Dear Allentown: Lehigh County Authority is Coming for Your Water, LIVE, TONIGHT! What Will City Council Do?

Lehigh County, Pennsylvania
Lehigh County, Pennsylvania (Photo credit: Dougtone)

Yes. The suburbs want the water to continue to fund the unchecked and unbalanced development in western Lehigh County. LCA is already Allentown’s biggest water consumer, but pays fractions of a penny on every dollar Allentown rate payers pay for the same water…OUR water. Look, we’re happy to share, but it has to be fair. LCA and western Lehigh County already put a huge use on the Allentown sewage system as well. Why WOULDN’T LCA want our water? Bottom line: it’s in the best interests of THEIR CURRENT rate payers if LCA controls Allentown’s water. A sad history repeats itself: the suburbs grow at the literal expense of the City: first through government subsidies (moving the ETA, building roads) and now through moves like this. Let those who have eyes see.

If you don’t believe me, look at this prediction from 2010 form the Morning Call archives: http://articles.mcall.com/2010-08-18/opinion/mc-lehigh-county-water-hamill-yv-081920100818_1_public-water-water-and-sewer-water-lines

If you can’t read it because of the paywall, here’s the text.  Given the timing, I think this ought to qualify as fair use.  I’ll take it down after tonight’s vote:

Lehigh County Authority runs unchecked

August 18, 2010

Lehigh County Authority has ambitious plans to expand its territory to western Lehigh County in a $200 million dollar project, the largest in its history. Some of that money will also go toward mitigating the sewage overflow from the manholes along the Little Lehigh Creek, which has gone on since 1984 and has been virtually ignored.

During this time, Lower Macungie Township grew into something resembling a New Jersey suburb, pushed by an authority obsession to expand without thought or reason. Its officially stated strategy is to “Establish agreements with [Lehigh Valley] municipalities without public water service designating the authority as the service provider to all new development.”

Before the authority proceeds with its plans for record expansion, it would be wise to look at the consequences of the township’s statutorily enforced water and sewer arrangements from the 1960s that created an unbridled water and sewer growth to the authority’s home base, Lower Macungie. The authority can force any landholder who requests a subdivision to put water lines down both sides of the entire property and hook up water and sewer.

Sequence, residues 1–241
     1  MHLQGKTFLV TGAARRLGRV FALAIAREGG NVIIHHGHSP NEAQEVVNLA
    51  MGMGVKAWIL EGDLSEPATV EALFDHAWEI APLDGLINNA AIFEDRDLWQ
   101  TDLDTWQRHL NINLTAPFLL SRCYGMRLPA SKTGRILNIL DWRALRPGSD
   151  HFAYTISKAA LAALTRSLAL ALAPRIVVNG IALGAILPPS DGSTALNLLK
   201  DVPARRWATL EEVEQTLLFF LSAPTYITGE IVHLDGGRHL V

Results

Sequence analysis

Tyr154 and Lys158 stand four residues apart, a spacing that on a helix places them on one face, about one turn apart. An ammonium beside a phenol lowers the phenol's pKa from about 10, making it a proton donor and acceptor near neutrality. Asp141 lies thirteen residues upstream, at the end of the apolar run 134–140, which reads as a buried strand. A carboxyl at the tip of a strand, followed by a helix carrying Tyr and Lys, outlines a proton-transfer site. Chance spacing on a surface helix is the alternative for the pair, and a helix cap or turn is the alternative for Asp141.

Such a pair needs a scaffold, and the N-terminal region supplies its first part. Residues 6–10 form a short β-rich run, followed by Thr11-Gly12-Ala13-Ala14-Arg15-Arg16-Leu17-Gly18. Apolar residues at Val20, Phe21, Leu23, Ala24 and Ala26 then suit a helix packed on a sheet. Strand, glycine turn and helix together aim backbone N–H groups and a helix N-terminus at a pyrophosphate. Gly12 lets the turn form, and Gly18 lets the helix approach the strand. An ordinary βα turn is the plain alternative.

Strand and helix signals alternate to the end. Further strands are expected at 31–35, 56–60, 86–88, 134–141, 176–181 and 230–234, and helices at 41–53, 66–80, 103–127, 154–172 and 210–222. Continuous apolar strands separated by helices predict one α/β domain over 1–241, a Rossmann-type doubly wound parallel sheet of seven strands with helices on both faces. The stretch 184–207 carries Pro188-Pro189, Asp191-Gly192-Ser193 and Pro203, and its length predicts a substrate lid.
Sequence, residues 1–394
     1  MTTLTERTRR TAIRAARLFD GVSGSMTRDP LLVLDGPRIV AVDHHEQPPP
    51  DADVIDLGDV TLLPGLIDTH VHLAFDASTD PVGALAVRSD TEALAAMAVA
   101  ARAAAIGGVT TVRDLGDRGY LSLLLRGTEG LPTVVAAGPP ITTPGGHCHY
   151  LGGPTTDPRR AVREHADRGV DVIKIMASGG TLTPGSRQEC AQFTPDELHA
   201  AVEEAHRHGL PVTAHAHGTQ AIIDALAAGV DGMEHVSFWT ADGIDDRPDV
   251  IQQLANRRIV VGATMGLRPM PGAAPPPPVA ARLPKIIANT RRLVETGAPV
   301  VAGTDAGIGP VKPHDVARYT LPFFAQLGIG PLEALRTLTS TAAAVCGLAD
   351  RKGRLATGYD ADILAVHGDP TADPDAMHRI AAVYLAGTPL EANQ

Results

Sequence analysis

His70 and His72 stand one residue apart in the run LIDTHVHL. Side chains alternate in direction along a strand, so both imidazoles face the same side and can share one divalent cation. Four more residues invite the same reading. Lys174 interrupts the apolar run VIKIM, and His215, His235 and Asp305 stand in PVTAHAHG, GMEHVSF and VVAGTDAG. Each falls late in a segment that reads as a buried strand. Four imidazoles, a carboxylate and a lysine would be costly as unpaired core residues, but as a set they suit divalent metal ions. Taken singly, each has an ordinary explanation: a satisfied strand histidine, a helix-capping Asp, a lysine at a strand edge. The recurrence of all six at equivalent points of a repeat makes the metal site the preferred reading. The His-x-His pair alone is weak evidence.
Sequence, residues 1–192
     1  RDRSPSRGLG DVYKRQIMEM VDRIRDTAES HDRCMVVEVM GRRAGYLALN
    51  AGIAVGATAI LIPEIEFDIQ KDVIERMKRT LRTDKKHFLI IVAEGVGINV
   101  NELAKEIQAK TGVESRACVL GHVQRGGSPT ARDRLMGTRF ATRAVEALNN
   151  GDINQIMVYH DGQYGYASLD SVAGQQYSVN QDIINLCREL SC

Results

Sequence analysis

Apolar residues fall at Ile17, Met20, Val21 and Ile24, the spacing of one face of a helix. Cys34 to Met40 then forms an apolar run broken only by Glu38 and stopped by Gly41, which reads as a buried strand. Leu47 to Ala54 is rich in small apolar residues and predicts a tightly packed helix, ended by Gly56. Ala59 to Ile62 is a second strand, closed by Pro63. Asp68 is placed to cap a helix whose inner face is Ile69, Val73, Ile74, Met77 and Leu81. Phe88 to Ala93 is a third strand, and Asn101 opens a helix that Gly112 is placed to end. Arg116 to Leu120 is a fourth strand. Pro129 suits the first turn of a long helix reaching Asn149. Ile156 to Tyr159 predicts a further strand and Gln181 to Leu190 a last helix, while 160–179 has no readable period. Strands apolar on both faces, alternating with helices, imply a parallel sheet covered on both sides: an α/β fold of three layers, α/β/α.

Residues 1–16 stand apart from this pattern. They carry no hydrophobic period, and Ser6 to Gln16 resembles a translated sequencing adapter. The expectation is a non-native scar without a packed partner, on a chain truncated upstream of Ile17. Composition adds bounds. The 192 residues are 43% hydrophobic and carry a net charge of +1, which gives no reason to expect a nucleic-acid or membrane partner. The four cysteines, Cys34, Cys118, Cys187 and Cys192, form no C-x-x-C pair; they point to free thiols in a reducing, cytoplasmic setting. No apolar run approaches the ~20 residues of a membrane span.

So any farmer who wants to give an acre of land to his children is a target. Then any new houses within 1,000 feet of any of those borders will be forced into public water and any property in the way will be condemned, and houses along the new lines will usually be forced into the public service at great expense. Eventually nearly all houses will be forced into public water and sewer over time.

The authority has recently placed two new wells next to the creek to pump 4 million gallons per day. The location of the wells does the most harm to the creek and gives the best yields to authority, according to hydrologists from the Delaware River Basin Commission and Lehigh County Commissioner Percy Dougherty.

The new wells are needed to supply the bottling plants in Upper Macungie Township — Nestle, Niagara, Coca-Cola and Samuel Adams, which are scheduled to take an extra 3.2 million gallons a day from the 2006 levels, according to authority documents.

After the Lower Macungie planning commission rejected the wells, authority lawyers turned a municipal meeting into a seven-hour, trial-type meeting, complete with a stenographer. Authority director Aurel Arndt was asked, “When you dry up the creek and aquifer, who will have their water restricted, the residents or the water bottlers?” His answer was the residents will be restricted.

In the end, the authority won the wells, but was required to put in a test well to measure water levels in the creek, which it fought. It hates when other governmental bodies have any say in protecting their communities, whether it be planning or aquifer protection.

An authority spokesperson actually said in a public meeting that Lower Macungie should have no say in how much water the agency takes from the aquifer, it can pump as much as it likes and that there would no impact on the creek or private wells.

So the authority’s plan is to pump the Little Lehigh aquifer mercilessly, transfer the water to bottlers, pump the sewage into the Jordan Creek, and turn western Lehigh County into a cluster of 1/4-acre lots in developments served by public water, just like what happened in Lower Macungie.

The authority is holding public meetings, where no public input is accepted, to turn northwestern Lehigh County into a clone of Lower Macungie. This will make any local planning board decisions on growth a mere small impediment to the steamrolling authority, as developers may threaten and sue their way into building; steroidal growth of the worst sort will follow.

 

 

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